AI-assisted hacking

Artificial intelligence (AI), such as machine learning, has the potential to create computer programs that can evade even the most sophisticated cyber defence systems. Traditionally, it was assumed that only state-sponsored entities had the resources to hack using AI.[79] However, these assumptions were challenged in 2018 when the American company IBM showcased a hacking program developed with AI at a security conference.[80] As a result, security experts in the European Union and the United Kingdom are increasingly concerned about AI and its potential for use in hacking and cybercrime.[81] In May 2022, the United Kingdom and the United States released a joint statement[82] recognising the importance of a globally unified understanding of AI concepts and regulatory frameworks, and noting the formation of an AI sub-group to develop a joint plan to enhance privacy and to develop trustworthy AI and risk management.

Nuances in investigative practices and regulatory enforcement

Regulatory enforcement

Enforcement of cybersecurity laws in the European Union and the United Kingdom has been growing of late, with the aggregate value of GDPR fines rising 50 per cent in the past year.[83] Whereas past enforcement of security failings produced marginal consequences, more recent GDPR enforcement actions have resulted in significantly higher monetary penalties for businesses.

One of the largest fines under the GDPR (€35 million) was issued in October 2020 by the Hamburg DPA against H&M after the company was found to be keeping ‘excessive’ records regarding employees’ families, religions, illnesses and details of their vacation activities.[84] In February 2020, another large fine (€27.8 million) was issued by the Italian DPA against Telecom Italia for several instances of ‘unlawful processing for marketing purposes’.[85] The largest security-related fine issued to date was from the Irish Data Protection Commission against Meta for €256 million. Regulatory enforcement action has continued to increase; for example, fines issues by the ICO tripled in 2022 compared to the previous year.[86] The ICO now publishes all reprimands on its website, retroactively from January 2022, demonstrating a new approach by the regulator to incentivise businesses to improve compliance to avoid negative publicity.[87]

If there was ever any doubt in the years leading up to GDPR’s rollout, and shortly thereafter, that the legislation was capable of empowering regulators with significant enforcement abilities, those notions have clearly been dispelled. Indeed, the heightened regulatory focus on data security and breach notification, coupled with the substantial monetary penalties that can be issued under the GDPR and NIS2, indicate that eight- and nine-figure fines for cybersecurity failures will continue to become more commonplace.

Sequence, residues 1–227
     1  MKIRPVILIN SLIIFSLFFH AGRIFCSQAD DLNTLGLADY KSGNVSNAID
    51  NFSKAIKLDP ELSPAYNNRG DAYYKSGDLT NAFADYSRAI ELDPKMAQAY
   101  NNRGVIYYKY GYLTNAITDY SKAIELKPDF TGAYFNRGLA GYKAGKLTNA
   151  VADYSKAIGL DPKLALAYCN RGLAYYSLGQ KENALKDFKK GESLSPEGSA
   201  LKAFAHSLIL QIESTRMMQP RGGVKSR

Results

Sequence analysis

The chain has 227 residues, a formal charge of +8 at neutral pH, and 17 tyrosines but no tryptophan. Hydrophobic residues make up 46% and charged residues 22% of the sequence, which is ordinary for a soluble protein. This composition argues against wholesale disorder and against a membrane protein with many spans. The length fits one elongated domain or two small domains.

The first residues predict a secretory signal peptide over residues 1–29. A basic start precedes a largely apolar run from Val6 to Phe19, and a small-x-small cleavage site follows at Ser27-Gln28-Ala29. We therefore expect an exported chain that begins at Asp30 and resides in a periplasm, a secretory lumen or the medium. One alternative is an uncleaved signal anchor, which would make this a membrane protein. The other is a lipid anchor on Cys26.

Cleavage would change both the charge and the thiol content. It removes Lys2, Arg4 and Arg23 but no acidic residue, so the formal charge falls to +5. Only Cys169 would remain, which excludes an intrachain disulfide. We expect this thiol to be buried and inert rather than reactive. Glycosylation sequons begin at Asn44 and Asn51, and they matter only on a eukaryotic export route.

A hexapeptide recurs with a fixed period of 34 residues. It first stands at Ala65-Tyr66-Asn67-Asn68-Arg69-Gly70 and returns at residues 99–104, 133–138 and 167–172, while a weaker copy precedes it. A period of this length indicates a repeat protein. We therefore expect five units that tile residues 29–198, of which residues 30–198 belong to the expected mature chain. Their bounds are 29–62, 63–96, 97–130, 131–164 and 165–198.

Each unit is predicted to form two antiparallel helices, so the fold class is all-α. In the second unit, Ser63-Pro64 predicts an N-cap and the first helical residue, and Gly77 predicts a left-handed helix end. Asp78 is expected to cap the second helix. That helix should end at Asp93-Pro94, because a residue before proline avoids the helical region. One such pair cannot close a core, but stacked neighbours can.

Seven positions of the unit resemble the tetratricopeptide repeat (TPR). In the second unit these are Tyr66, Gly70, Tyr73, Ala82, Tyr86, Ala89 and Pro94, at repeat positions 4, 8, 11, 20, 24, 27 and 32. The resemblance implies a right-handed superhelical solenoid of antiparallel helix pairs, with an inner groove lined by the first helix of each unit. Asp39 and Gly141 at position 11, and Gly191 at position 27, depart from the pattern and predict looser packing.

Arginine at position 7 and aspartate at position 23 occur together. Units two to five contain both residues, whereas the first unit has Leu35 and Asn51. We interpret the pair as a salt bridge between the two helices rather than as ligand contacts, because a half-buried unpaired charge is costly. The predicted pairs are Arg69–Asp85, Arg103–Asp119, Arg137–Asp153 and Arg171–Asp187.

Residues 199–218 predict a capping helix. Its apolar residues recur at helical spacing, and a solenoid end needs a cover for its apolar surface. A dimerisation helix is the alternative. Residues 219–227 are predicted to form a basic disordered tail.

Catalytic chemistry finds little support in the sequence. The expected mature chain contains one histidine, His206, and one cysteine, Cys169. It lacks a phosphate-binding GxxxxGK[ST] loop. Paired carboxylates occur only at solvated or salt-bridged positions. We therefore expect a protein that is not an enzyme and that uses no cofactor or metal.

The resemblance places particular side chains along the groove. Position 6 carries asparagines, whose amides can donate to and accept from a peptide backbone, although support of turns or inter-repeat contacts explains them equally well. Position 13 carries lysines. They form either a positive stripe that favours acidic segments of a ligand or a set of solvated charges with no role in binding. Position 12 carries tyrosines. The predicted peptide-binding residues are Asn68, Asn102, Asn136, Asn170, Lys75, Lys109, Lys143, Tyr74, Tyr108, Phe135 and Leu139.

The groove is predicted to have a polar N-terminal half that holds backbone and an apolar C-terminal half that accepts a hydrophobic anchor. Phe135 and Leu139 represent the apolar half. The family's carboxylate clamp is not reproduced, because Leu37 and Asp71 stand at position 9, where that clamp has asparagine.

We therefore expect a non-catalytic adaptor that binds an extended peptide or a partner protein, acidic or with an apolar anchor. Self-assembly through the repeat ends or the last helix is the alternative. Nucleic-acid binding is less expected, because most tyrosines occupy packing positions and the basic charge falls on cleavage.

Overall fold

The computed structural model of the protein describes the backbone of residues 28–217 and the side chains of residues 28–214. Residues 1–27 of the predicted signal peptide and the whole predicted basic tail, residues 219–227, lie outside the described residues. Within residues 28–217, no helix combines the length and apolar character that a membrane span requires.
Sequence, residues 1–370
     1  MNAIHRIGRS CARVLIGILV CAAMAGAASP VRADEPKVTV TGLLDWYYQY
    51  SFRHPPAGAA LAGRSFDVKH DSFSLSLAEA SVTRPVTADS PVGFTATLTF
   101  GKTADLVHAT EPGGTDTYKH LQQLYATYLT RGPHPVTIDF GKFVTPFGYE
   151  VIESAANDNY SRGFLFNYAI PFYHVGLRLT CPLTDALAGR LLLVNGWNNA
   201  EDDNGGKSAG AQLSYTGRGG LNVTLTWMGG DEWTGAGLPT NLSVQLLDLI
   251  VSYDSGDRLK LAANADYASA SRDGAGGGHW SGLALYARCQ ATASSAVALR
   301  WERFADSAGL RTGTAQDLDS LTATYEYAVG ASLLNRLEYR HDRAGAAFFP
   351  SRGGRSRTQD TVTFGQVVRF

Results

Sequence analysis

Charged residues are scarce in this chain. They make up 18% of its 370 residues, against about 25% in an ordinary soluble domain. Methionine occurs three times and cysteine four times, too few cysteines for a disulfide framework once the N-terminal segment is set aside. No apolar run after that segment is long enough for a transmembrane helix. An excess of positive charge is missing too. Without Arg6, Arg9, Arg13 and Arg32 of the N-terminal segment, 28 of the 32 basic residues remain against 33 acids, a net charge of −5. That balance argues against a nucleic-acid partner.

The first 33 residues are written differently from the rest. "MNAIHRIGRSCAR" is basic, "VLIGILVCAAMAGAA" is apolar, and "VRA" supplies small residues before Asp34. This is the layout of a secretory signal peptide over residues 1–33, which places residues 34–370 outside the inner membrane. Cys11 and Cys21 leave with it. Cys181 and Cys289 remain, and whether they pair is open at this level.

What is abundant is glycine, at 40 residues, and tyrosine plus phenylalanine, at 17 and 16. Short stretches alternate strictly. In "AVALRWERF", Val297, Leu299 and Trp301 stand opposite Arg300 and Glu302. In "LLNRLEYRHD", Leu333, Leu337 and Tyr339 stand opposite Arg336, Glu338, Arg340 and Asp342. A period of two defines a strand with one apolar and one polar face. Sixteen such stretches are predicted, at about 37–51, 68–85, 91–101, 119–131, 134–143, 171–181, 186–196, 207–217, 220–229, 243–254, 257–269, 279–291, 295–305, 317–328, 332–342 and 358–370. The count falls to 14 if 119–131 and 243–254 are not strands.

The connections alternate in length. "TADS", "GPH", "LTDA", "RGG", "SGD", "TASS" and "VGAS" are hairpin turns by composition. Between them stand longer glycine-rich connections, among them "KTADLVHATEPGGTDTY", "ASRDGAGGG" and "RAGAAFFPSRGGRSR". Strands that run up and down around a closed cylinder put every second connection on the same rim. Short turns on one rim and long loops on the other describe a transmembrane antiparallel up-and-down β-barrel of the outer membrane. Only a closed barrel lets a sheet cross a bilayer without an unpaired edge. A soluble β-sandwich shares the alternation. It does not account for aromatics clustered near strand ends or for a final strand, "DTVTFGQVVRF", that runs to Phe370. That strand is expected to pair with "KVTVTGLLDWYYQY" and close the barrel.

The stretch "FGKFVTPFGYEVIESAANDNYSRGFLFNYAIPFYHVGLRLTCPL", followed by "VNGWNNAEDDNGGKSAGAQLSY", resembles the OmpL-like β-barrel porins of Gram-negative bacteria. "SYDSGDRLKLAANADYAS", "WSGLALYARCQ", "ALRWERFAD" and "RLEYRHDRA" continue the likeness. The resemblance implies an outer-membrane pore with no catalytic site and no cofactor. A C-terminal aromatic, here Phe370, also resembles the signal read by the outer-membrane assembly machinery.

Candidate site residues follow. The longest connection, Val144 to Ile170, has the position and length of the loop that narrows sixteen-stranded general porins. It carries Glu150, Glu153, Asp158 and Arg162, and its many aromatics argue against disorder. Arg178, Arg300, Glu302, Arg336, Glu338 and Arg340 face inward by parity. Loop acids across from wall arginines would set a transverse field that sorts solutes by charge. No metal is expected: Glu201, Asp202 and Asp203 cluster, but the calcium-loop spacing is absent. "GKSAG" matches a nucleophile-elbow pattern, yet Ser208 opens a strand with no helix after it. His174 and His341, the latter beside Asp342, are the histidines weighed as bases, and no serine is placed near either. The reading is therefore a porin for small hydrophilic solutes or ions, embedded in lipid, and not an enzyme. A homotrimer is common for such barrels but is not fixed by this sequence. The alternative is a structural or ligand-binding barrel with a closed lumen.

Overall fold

Along with the growing number of reported decisions in this area, practitioners have a growing body of guidance from which to draw when advising clients on how regulators are likely to view the requirements, and potential violations, of cybersecurity laws in the European Union and the United Kingdom. At the national level, numerous DPAs have been updating their security guidance to reflect the changes introduced by the GDPR, particularly around breach notification.[88] At the supranational level, in January 2021, the EDPB issued additional draft guidance on the types of personal data breaches that require notification under the GDPR. Organisations such as ENISA (in relation to the NISD as well as the wider cybersecurity context) and sector-specific regulators will also have an important role in helping organisations to equip themselves for the challenges they face in becoming, and staying, compliant with applicable cyber laws.

EU and UK litigation considerations

Cybersecurity litigation in the European Union and the United Kingdom remains small relative to longer-established areas of regulation. This is to be expected, given that its two main omnibus laws have been in force for less than five years. Nevertheless, practitioners should prepare for a continuing increase in contentious activity in the coming years and beyond, particularly relating to the fallout from personal data breaches and other high-profile security incidents. In addition to the type of follow-on claims that are common in the antitrust sphere, disputes brought directly by data subjects or their representatives are likely to reshape the European Union’s and the United Kingdom’s cybersecurity landscapes in a way that was not contemplated (or, in some cases, possible) under the DPD. The extent to which individuals are now aware of their rights under data privacy and security laws, and the relative ease with which they can be enforced, make it likely that some of the defining aspects of US litigation – large settlement awards and group actions, among others – may become an increasingly common feature of cyber disputes in the European Union and the United Kingdom.

General Data Protection Regulation

The GDPR provides for two forms of private action. Article 79(1) entitles individuals to an effective judicial remedy when their rights are infringed by the processing of personal data by a data controller or processor in violation of the GDPR. Article 79(1) has a wider application than the DPD regime in two important respects.